Deals Vince Biskupic made as a prosecutor and judge raise questions of fairness in Wisconsin’s justice system

The Scandal

Vince Biskupic
Wisconsin Watch found that as a judge, Vince Biskupic offered stays or furloughs in 31 cases if defendants complied with his conditions, which ranged from education to treatment requirements. Here, he speaks during a 2017 hearing at the Outagamie County Government Center in Appleton, Wis. Danny Damiani/USA TODAY NETWORK-Wisconsin

Episode 7 Transcript

In 2002, Vince Biskupic was a Republican candidate for attorney general, the top prosecutor job in Wisconsin, running on his nearly eight years as Outagamie County’s district attorney.

On his now-defunct campaign website, Biskupic listed several people he had successfully prosecuted. Among them: Ken Hudson for the murder of Shanna Van Dyn Hoven; Mark Price and Richard Pease for the murder of Michael Fitzgibbon; James Thompson and Jonathan Liebzeit for the murder of Alex Schaffer; “serial rapist” Joseph Frey; and Kelly Coon for the murder of 2-year-old Amy Breyer. [[{“fid”:”1712106″,”view_mode”:”embed_landscape”,”fields”:{“format”:”embed_landscape”,”alignment”:”right”,”field_image_caption[und][0][value]”:”%3Cp%3EAn%20article%20about%20Vince%20Biskupic%E2%80%99s%20campaign%20for%20Outagam”,”field_image_caption[und][0][format]”:”full_html”,”field_file_image_alt_text[und][0][value]”:”Newspaper article announces Biskupic’s running for district attorney”,”field_file_image_title_text[und][0][value]”:false},”type”:”media”,”field_deltas”:{“5”:{“format”:”embed_landscape”,”alignment”:”right”,”field_image_caption[und][0][value]”:”%3Cp%3EAn%20article%20about%20Vince%20Biskupic%E2%80%99s%20campaign%20for%20Outagam”,”field_image_caption[und][0][format]”:”full_html”,”field_file_image_alt_text[und][0][value]”:”Newspaper article announces Biskupic’s running for district attorney”,”field_file_image_title_text[und][0][value]”:false}},”link_text”:false,”attributes”:{“alt”:”Newspaper article announces Biskupic’s running for district attorney”,”class”:”media-element file-embed-landscape media-wysiwyg-align-right”,”data-delta”:”5″}}]]

His Democratic challenger was Peg Lautenschlager, former U.S. attorney for the Western District of Wisconsin. Scot Ross, who was the communications and research director for Lautenschlager’s campaign, recalls that Biskupic ran as a “law and order” candidate.

But shortly before the election, something would happen to undermine that tough-on-crime image.

The Lautenschlager campaign had received a seven-page single-spaced memo from an apparent whistleblower who detailed troubling allegations against Biskupic — including deals that gave “the impression that justice is for sale in Outagamie County.”

The memo included this line: “Far too often, defendants with money are treated differently than defendants who are poor and indigent.”

The Democratic Party of Wisconsin filed an open records request with Biskupic’s office seeking records of the alleged deals, which allowed some suspects to avoid charges by paying money. The “donations” went to a “crime prevention fund” in Biskupic’s office or directly to survivors groups and law enforcement associations. Biskupic refused to release the records, so the Democrats sued. And the Wisconsin State Journal filed a similar request for records.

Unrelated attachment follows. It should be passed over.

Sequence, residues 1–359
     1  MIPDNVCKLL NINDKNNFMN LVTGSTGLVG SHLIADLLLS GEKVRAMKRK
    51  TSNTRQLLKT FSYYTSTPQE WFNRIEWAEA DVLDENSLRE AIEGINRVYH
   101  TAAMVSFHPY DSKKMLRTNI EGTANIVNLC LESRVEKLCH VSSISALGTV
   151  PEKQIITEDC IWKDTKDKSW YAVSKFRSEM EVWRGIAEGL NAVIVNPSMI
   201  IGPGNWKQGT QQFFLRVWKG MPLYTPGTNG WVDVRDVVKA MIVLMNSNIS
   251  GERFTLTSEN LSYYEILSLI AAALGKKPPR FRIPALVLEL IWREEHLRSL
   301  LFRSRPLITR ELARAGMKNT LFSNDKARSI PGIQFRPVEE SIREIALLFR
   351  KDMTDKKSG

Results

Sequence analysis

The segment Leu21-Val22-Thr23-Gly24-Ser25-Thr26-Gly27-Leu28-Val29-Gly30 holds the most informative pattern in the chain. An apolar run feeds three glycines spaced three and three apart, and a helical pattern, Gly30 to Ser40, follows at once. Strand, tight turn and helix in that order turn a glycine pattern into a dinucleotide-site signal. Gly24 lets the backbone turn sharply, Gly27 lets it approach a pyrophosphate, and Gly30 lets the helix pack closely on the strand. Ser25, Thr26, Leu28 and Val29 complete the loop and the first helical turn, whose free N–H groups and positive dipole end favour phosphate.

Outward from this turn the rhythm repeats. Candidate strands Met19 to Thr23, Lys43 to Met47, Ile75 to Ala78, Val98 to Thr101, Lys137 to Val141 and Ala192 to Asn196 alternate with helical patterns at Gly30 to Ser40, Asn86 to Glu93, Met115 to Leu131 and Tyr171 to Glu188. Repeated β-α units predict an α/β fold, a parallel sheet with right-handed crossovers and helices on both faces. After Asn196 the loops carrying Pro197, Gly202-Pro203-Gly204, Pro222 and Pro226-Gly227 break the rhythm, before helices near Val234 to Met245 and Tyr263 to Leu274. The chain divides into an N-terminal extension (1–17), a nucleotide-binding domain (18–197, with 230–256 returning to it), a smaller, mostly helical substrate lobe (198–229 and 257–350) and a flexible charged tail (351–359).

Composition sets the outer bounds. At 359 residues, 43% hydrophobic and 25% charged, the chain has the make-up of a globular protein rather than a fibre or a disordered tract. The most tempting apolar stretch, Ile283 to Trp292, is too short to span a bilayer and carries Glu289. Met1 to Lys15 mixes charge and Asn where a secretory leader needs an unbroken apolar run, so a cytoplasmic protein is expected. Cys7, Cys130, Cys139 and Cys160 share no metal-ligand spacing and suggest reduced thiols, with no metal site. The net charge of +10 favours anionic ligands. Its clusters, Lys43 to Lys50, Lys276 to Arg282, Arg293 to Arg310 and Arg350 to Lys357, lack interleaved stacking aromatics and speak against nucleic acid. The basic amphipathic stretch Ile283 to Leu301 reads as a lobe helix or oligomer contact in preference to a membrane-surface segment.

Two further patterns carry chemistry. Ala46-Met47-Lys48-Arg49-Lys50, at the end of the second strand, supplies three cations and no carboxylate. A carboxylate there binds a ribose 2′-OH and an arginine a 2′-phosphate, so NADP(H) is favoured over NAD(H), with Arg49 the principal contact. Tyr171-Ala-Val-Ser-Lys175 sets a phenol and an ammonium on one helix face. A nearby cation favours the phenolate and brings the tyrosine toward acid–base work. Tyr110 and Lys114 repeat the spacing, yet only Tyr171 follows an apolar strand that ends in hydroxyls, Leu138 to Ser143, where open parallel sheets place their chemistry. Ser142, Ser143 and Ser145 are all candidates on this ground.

In 1997, five years before Biskupic ran for state attorney general, a panel appointed by the Wisconsin Supreme Court urged judges to reject plea deals that included these kinds of payments. And in 2000, a new law went into effect, making it illegal for prosecutors to dismiss or amend charges in exchange for donations to crime prevention organizations.

But Biskupic’s deals had a twist: : He threatened to charge people but agreed to withhold charges in exchange for “donations.”

The deals also lacked transparency. These “deferred prosecution agreements” looked like official Outagamie County Circuit Court documents, but they were not filed with the court.

Judge: Release the records

The judge who heard the open-records lawsuit filed by the Democrats, Waupaca County Circuit Judge Philip Kirk, was very familiar with such deals, having served on that Supreme Court-appointed panel.

“He (Kirk) started by saying, ‘I don’t know if you know this or not, but I was on a panel that discussed whether or not these crime prevention funds were appropriate or not appropriate — and I think that they are not,’” Ross recounts.

In an interview, Kirk said allowing such deals had the potential to turn into a “goat rodeo.” Allowing people to buy their way out of trouble would create a chaotic and unequal system, he said, an “unmitigated disaster for the state court system.”

Biskupic agreed to turn over the heavily redacted records to the State Journal, and Kirk ordered him to give the documents to the Democrats as well. The release generated a flurry of negative news coverage including a front page story in the State Journal on Nov. 1 — four days before the 2002 election.

A Wisconsin State Journal front page story on Nov. 2, 2002 broke the news that Outagamie County District Attorney Vince Biskupic had been soliciting payments to a crime-prevention fund and local organizations in exchange for agreements not to prosecute in
A Wisconsin State Journal front page story on Nov. 2, 2002 broke the news that Outagamie County District Attorney Vince Biskupic had been soliciting payments to a crime-prevention fund and local organizations in exchange for agreements not to prosecute individuals he may have otherwise charged with a crime. Wisconsin State Journal clipping

Pace University law professor Bennett Gershman explains why such deals would be so controversial.

“It’s one person who’s wealthy can buy his freedom and somebody who’s poor can’t,” says Gershman, a former New York state prosecutor specializing in official corruption. “It’s just mind-boggling that, that a prosecutor would have something like that, that kind of operation going.”